The Donath-Landsteiner test is a confirmatory test that subjects the antibody in serum/plasma to appropriate cells at 4°C followed by 37°C incubations. The presence of hemolysis after these successive incubations confirms the presence of biphasic hemolysin. If there is no hemolysis noted, the biphasic hemolysin is not present.
In this test, the patient's sample must be maintained at 37°C after collection. The test is illustrated in the image on the right.
The patient's serum is added to three sets of three tubes.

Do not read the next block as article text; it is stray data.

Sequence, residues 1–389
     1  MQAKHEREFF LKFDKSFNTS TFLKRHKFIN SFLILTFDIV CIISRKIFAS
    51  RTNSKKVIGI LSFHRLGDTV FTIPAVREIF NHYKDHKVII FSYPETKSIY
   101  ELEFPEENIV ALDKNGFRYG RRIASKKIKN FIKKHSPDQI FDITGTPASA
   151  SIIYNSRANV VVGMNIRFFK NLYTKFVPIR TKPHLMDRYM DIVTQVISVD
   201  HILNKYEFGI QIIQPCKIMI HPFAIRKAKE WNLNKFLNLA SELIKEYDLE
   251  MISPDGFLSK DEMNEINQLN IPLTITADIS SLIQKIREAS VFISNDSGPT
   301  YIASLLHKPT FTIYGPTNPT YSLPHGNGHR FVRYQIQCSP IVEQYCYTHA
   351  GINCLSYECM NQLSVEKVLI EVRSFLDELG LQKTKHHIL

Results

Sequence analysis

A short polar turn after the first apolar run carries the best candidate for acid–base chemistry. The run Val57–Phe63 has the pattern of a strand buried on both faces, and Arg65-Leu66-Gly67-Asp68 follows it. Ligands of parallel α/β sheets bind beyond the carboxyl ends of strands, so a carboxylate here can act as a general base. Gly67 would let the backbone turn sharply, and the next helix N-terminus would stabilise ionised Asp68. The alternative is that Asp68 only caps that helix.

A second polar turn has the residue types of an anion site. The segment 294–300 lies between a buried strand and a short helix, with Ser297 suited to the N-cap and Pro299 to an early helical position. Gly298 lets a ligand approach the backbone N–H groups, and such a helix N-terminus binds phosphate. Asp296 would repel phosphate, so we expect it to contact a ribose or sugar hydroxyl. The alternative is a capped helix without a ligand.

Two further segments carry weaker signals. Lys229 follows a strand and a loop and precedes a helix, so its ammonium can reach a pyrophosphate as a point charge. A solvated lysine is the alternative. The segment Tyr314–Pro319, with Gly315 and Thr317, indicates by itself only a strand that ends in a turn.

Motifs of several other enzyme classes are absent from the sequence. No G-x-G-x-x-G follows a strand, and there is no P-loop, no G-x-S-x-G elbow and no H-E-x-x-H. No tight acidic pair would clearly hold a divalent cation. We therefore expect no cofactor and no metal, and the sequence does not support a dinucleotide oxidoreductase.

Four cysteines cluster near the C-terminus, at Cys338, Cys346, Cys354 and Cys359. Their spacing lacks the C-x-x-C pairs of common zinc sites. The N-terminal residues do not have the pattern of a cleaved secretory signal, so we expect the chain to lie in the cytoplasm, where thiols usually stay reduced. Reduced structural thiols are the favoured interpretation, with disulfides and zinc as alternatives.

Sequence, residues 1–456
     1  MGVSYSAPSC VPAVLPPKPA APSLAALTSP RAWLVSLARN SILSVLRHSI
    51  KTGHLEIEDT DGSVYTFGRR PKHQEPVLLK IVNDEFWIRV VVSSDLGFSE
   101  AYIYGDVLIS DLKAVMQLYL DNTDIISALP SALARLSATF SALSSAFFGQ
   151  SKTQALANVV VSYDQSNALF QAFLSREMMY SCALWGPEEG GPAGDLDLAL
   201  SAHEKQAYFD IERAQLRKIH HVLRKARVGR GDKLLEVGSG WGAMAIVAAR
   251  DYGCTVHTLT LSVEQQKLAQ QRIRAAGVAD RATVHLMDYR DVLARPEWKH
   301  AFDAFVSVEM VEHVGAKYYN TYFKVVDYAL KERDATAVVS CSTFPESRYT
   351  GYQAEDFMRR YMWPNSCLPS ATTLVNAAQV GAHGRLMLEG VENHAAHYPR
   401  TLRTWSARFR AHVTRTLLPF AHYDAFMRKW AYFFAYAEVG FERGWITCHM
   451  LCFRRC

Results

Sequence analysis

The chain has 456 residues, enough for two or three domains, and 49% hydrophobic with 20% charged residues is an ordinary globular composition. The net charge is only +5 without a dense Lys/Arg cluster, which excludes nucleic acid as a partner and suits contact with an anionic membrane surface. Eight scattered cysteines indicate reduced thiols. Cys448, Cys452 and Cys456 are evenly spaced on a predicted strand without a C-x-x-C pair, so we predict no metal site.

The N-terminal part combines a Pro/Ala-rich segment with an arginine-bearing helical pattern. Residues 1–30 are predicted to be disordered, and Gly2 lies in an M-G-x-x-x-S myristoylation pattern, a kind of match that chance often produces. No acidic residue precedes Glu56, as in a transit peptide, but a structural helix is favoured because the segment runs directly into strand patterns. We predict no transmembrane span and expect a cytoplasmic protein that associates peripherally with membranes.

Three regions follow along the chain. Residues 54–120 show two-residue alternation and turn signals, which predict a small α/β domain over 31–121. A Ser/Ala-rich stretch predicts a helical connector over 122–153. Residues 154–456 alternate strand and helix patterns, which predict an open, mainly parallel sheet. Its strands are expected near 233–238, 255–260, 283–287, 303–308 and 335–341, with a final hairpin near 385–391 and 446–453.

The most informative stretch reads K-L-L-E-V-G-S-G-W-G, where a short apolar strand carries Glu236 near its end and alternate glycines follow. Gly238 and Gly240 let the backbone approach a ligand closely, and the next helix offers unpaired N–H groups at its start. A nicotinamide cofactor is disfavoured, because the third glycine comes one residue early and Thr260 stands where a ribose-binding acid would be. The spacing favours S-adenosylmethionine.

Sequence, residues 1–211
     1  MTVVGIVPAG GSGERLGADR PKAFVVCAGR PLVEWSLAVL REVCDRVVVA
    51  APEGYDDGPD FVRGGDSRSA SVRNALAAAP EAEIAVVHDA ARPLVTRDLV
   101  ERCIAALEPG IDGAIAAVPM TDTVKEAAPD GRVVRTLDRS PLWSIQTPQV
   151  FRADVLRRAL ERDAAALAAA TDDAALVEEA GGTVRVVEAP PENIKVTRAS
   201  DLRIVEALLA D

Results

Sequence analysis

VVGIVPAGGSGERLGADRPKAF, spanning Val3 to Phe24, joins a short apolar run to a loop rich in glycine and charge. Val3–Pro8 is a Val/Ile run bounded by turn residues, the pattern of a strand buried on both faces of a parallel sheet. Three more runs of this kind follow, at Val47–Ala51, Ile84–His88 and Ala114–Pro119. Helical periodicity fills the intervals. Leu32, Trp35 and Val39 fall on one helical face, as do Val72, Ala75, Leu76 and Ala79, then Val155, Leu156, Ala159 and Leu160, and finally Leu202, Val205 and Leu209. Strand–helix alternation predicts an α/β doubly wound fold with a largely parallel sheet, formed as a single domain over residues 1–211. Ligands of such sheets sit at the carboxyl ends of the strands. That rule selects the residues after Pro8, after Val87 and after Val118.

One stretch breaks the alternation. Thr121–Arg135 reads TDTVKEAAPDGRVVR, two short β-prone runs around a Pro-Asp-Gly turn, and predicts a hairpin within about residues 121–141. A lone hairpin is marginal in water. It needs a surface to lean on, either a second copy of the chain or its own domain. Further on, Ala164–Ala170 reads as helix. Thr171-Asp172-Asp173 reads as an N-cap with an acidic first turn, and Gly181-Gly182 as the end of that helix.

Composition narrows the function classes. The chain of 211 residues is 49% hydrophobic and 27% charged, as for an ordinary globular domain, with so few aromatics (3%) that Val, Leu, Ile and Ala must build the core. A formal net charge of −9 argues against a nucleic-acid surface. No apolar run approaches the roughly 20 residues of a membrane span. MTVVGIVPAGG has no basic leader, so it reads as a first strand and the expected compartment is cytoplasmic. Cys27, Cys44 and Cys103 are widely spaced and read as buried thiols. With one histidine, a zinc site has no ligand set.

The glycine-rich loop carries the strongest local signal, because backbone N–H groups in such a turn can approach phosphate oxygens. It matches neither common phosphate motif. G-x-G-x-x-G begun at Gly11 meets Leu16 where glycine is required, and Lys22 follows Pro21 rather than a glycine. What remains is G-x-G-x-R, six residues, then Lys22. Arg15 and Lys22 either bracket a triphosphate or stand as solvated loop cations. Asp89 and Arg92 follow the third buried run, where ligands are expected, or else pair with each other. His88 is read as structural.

- Set #1 contains only patient serum.
- Set #2 contains patient serum and fresh normal serum, which acts as a source of complement.
- Set #3 contains only fresh normal serum.
P-positive cells are then added to all tubes. One tube from each set is kept in an ice bath for 90 minutes (1A, 2A, 3A). Another tube from each set is kept at 37°C for 90 minutes (1B, 2B, 3B). The last tube from each set is put in an ice bath for 30 minutes and then incubated at 37°C for 60 minutes (1C, 2C, 3C).
After incubation, the tubes are examined for hemolysis. The Donath-Landsteiner test is positive when the patient's serum (with or without the normal serum) demonstrates hemolysis in tubes incubated in ice, then incubated at 37°C. Hemolysis should not be present in any of the other tubes. Again, this serves to prove the biphasic nature of the hemolysin and its ability to lyse RBCs.